Afghan military officials said the United States left Afghanistan’s Bagram airport after nearly 20 years, cutting off the electricity and fleeing at night without alerting the new Afghan commander to al-Qaeda, who discovered the Americans had left more than two hours after their departure.

The United States announced on Friday that it had completely evacuated its largest airport in the country before permanently withdrawing all but a few hundred American troops from Afghanistan by the end of August.

“Mine [heard] General Mir Asadullah Kohistani, the new commander of Bagram, told the Associated Press that according to some rumors, the Americans left Bagram … Finally at 7:00 am, we realized that it was confirmed that they had already left Bagram.

The Afghan military conducted a survey of a vast air base on Monday, allowing reporters to visit the heavily fortified compound.

“They (the Americans) are completely absent now and everything is under our control, including the control towers, the air traffic and the hospital,” a senior Afghan government official told Reuters.

Bagram has long been a symbol of Western forces deployed to support the Afghan government, which is currently facing a Taliban attack that has led to the withdrawal of most US and NATO forces.

The Taliban took control of districts in Badakhshan and Kandahar provinces over the weekend, forcing Afghan government forces to flee across the Tajik border. Last week, Taliban fighters launched an attack on the central Afghan city of Ghazni on the highway linking the capital, Kabul, to the southern province of Kandahar.

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An Afghan soldier plays a guitar abandoned by US forces at Bagram Air Base on July 5 [Mohammad Ismail/Reuters]

In Bagram, dozens of vehicles left by the United States parked in the building on Monday, while others traveled with Afghan officials and individuals. Radars swayed as soldiers guarded, and hundreds of Afghan security personnel moved into the barracks where American soldiers once lived.

The Afghan soldiers who toured the base, which once housed as many as 100,000 US troops, criticize how the US left Bagram.

“Overnight, they lost all goodwill to leave as they did last night without informing Afghan soldiers who patrolled the area outside,” said Afghan soldier Nimatullah, who asked that only one name be used. .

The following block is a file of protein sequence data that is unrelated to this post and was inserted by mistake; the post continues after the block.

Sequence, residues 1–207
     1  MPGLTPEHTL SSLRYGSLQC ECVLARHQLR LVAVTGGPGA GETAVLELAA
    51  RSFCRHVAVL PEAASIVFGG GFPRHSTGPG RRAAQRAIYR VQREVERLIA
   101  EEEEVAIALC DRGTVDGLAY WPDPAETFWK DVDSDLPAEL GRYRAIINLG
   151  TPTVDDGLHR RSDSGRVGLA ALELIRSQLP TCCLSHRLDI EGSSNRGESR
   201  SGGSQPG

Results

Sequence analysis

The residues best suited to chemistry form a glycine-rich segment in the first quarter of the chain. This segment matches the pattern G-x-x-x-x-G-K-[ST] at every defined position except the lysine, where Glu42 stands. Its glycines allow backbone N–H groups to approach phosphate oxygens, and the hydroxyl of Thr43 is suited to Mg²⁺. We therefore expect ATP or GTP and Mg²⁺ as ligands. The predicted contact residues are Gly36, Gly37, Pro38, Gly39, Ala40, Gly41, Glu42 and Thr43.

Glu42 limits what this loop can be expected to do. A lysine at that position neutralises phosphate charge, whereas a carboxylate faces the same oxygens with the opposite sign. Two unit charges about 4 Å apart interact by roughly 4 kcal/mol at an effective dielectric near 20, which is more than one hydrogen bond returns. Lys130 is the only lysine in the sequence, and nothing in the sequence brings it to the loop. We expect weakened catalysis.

Before the Afghan army could take control of the airport, about an hour’s drive from the Afghan capital, Kabul, a small group of looters looted barracks behind barracks and searched huge storage tents before taking them out, Afghan military officials said.

“At first we thought it might be the Taliban,” Abdul Raouf, a 10-year-old soldier, told The Associated Press. He said the United States called from Kabul airport and said, “We are here at Kabul airport.”

Cars parked in Bagram after US forces evacuated the airport on 5 July [Mohammad Ismail/Reuters]

US Colonel Sonny Leggett, the official spokesman for the US military in Afghanistan, did not address the specific complaints of many Afghan soldiers, but rather referred to a US statement issued last week.

The statement said the delivery was underway shortly after President Joe Biden announced in mid-April that the United States would withdraw its forces from Afghanistan. Leggett said in a statement that they are coordinating their departure with Afghan leaders.

The United States announced on July 2 that it had completely evacuated its largest airport in the country ahead of the final withdrawal, which the Pentagon said would be completed by the end of August.

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Kohistani, commander of the new airport, insisted that the Afghan security and defense forces could maintain a heavily fortified base despite the Taliban’s string of battlefield victories. There is also a prison at the airport with about 5,000 prisoners, many of whom are allegedly members of the Taliban.

Meanwhile, government-controlled neighborhoods and markets were preparing for what was to come.

It wouldn’t be a problem for us if there were foreign forces [here] “Or they are leaving, but the fact that the Taliban control the areas affects our work all the time,” Waseem Sherzad, the shop owner, told Reuters.

Another shopkeeper, Nematullah Firdaus, agreed: “Most shopkeepers do not invest…because they are hesitant about the country’s future.”